Improvements in the rights of residential long leaseholders are made by the Housing Act 1996, which received Royal Assent on 24 July

Improvements in the rights of residential long leaseholders are made by the Housing Act 1996, which received Royal Assent on 24 July.

Freeholders can no longer be be heavy-handed when lessees dispute a service charge. Since 24 September a freeholder cannot forfeit for non-payment of a service charge unless the charge is agreed by the lessee or settled by an application to the county court or to a Leasehold Valuation Tribunal.

Tribunals will have jurisdiction to deal with disputed service charges (with effect from April 1997, so in the meantime service charge disputes remain within the jurisdiction of the county court). This should make it easier for a well advised group of lessees to dispute service charges if they think they are unreasonable. Tribunal procedures are simpler than those at county court and a tribunal cannot make an order requiring the unsuccessful party to pay the other party's cost. Leaseholders will also be able to apply for a manager to be appointed to manage the block on a wider basis, including cases where freeholders have made unreasonably high service charges. The power to order appointment of a manager – currently vested in the county court – will also transfer to the tribunal, probably from April l997.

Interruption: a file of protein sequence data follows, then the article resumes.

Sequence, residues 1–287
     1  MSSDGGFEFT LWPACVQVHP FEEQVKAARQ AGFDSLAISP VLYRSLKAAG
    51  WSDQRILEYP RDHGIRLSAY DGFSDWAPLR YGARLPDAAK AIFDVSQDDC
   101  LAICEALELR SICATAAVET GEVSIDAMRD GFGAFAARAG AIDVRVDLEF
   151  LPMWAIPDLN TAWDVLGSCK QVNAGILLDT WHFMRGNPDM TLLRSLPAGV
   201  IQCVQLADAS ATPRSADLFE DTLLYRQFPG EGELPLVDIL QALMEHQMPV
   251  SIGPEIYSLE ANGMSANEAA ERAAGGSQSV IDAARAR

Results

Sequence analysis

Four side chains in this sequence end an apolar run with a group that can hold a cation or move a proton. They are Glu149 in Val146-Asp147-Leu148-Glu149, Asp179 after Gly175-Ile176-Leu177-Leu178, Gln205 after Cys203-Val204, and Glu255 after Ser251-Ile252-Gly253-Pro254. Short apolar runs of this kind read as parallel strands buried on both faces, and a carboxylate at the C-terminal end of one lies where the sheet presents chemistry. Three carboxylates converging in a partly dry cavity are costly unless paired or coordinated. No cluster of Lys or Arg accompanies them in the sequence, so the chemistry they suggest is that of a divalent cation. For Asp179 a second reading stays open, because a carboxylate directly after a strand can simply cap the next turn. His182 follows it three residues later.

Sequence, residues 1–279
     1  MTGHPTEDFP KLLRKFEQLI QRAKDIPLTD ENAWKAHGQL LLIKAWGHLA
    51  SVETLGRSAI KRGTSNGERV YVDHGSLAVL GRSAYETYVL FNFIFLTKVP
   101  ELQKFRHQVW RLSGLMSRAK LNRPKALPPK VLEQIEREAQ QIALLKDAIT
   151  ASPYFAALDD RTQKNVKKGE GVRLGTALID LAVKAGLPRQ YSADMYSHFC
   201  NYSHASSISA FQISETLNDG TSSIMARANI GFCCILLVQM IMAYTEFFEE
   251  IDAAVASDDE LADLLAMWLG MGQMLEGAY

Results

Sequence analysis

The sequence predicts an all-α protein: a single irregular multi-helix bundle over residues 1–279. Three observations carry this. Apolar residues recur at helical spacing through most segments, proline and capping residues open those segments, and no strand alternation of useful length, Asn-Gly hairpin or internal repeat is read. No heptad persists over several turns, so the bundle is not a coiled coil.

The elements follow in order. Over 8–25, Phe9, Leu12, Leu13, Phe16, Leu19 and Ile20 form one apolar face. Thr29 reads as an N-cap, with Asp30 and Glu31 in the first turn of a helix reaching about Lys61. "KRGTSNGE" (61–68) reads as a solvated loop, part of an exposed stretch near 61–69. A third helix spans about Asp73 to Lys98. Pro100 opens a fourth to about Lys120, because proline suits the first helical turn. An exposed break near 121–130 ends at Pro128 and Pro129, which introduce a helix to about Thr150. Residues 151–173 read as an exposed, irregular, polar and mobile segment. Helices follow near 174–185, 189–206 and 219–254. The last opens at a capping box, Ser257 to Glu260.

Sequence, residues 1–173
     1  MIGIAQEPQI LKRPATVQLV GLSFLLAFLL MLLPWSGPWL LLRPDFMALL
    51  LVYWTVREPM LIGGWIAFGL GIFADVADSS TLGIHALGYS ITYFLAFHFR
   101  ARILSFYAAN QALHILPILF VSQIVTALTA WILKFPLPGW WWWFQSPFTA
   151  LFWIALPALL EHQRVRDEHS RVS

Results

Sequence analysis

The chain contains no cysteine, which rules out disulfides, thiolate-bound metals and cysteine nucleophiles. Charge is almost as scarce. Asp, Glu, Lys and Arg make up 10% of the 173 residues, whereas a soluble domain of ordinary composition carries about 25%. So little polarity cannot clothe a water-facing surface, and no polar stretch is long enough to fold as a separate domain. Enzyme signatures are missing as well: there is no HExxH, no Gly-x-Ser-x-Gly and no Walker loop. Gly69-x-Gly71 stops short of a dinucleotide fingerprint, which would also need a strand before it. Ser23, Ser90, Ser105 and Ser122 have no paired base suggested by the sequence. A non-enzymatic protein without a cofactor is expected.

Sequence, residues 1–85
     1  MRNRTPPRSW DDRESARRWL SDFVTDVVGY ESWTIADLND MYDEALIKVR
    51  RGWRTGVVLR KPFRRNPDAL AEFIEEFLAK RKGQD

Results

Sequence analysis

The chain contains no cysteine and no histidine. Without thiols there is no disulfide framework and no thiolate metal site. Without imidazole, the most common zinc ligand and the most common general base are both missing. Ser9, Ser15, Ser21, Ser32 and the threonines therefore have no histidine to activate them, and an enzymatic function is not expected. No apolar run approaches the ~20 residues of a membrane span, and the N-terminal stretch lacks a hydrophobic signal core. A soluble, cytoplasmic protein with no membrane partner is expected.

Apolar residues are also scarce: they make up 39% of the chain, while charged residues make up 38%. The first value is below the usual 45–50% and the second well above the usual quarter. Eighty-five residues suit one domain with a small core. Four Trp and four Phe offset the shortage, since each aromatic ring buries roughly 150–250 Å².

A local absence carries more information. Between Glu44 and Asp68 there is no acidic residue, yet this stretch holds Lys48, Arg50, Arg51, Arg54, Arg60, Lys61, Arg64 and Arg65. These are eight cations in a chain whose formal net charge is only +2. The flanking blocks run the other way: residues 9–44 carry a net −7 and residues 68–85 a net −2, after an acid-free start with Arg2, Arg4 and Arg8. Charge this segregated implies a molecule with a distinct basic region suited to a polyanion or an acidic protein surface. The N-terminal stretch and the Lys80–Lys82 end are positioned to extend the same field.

Leaseholder groups also have a new right to appoint a surveyor to advise on service charges and a surveyor has statutory rights to inspect freeholders' accounts and to survey the building. This procedure, which starts on 1 October, may prove popular with lessees: it is simpler and cheaper than the more complicated right to a management audit under the Leasehold Reform, Housing Urban Development Act 1993.

Important as these changes are for lessees and freeholders, there must be a concern that only a well-advised and resourced group of lessees could exercise these rights. While the 1996 act may have improved the legal position of long leaseholders it is making an already complicated area of law more difficult to interpret. This is taking place, ironically, when the Woolf Report has called for an overhaul of residential landlord-tenant law.